• Probably HBase (Score:3, Insightful)

    by allenw (33234) on Saturday May 09, 2009 @06:02PM (#27892195) Homepage Journal

    None of the articles say it, but they are probably talking about HBase [apache.org]. If this is the case, this is seriously old news.

    HBase was started by the Powerset guys before being acquired by Microsoft. After the acquisition there was a lot of concern in the Hadoop community about whether the Powerset guys would be allowed to continue to contribute. They have, and as far as I can tell, the community is not particularly concerned about MS's involvement.

  • A fast reading got me confused about that terminology. Lets see:
    - Last july Microsoft bought Powerset, that were developing what would be the base of a semantic search engine.
    - That company (before all of that) used Hadoop, and helped to build over it a BigTable-like distributed storage engine, called HBase.
    - And in last october (thats Microsoft contribution to open source) Microsoft enabled the Powerset's developers that were contributing to HBase to continue their work there.

    They aren't releasing any "new
    • by melted (227442)

      >> a new search engine based on that work

      Thas was made up by The Reg and regurgitated by CNet. Kumo is NOT "based on that work".

      • If The Reg was claiming it, most likely it is true. They generally don't make stuff up. If it is a mistake on their part it doesn't mean they made it up. And until you can get a response from The Reg on your comment you shouldn't be accusing them of lying.

  • they are a business, they care about profit.
    the great thing about being a monopoly is, you don't have to ship quality products - your customers can have whatever they want so long as it's black.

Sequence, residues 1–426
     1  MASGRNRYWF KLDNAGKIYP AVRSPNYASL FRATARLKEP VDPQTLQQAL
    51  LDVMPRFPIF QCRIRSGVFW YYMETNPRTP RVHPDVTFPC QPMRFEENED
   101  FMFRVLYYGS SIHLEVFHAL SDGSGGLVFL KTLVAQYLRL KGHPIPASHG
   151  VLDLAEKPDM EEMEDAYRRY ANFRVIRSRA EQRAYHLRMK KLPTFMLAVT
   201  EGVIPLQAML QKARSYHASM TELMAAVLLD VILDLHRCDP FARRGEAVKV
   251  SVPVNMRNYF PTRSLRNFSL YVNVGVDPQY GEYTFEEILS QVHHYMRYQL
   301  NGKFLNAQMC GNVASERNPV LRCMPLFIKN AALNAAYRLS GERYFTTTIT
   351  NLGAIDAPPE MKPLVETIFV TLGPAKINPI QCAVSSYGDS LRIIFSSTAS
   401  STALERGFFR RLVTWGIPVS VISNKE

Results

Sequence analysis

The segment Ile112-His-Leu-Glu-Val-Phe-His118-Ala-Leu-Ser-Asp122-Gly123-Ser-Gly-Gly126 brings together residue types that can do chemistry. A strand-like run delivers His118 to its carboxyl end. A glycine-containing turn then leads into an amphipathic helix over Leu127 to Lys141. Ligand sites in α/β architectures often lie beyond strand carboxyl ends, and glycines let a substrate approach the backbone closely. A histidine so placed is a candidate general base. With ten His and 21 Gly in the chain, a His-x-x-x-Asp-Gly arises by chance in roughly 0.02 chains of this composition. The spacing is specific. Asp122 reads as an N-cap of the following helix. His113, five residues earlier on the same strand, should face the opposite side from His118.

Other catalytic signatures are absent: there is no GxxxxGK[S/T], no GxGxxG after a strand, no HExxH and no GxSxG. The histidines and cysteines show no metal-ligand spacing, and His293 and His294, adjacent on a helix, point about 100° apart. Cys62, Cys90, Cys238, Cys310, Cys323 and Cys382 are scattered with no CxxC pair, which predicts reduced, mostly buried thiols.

seriously, if you are a de facto monopoly, as ms has been for the last, say 20 years, and you make 50 % gross margins , why on earth would you spend money on quality ?
    that sort of thinking is what seperates techies, who toil in the trenches, from c suite execs

  • Site here: http://hypertable.org/ [hypertable.org] GPLv2 license
  • by HermMunster (972336) on Sunday May 10, 2009 @06:44AM (#27895623)

    Microsoft is not distributing open source software. This is not an open source product. It can't be used on multiple platforms. It can't be modified and freely distributed. It is not open source.

    Microsoft does openED source where you can view the code but never use it outside of your project and never on another platform other than Windows.

    Open Source was defined around 15 years ago in the attempt of ensuring that the definition for open source was long standing.

    Microsoft and open source together is an oxymoron.

    Microsoft claimed in 2007 that Open Source was dead and that Linux was dead. Their attempt to do this was about the time they claimed that open source violated 235 of their patents. Then they refused to state which ones even though the consumers world-wide asked for it.

    They were the same company that sued TomTom and backed the company with funding for SCO to sue IBM and other linux backers.

    We do not, in open source, put any trust in Microsoft nor do we let them attempt to Embrace, Extend, Extinguish Open Source by closing it or limiting it. They are trying to get big business to think that the only acceptable form of open source is that which is defined by Microsoft.

    Everyone should be objecting to Microsoft and this 100% of the time.

    • Re: (Score:2, Informative)

      by maxume (22995)

      They are allowing developers that work for a company they purchased (so the developers work for Microsoft) to continue contributing to software released under the Apache 2.0 license.

      No matter what the rest of the company is doing, this activity is exactly the "Open Source" that you seem to think it isn't.

    • by gilesjuk (604902)

      This is the problem with the dual personalities of Microsoft. You know that if you use their open source and make a good profit you could end up being sued for not having licenced the patents covering the technology.

      Avoid at all costs. At least until their get their split personality syndrome under control.

  • by The Cisco Kid (31490) on Sunday May 10, 2009 @10:36AM (#27896985)

    Also, who cares if its 'open source'.

    Its only news if its Free software [gnu.org]

    Thank you, but I'll store my data on *MY* server, using protocols implemented in *Free* software.

  • What 'open source' license is Kumo released under. Does it pass the definition of Open Source at Perens.com [perens.com], in relation to redistribution, source code, derived works, restrictions, technology-neutral ...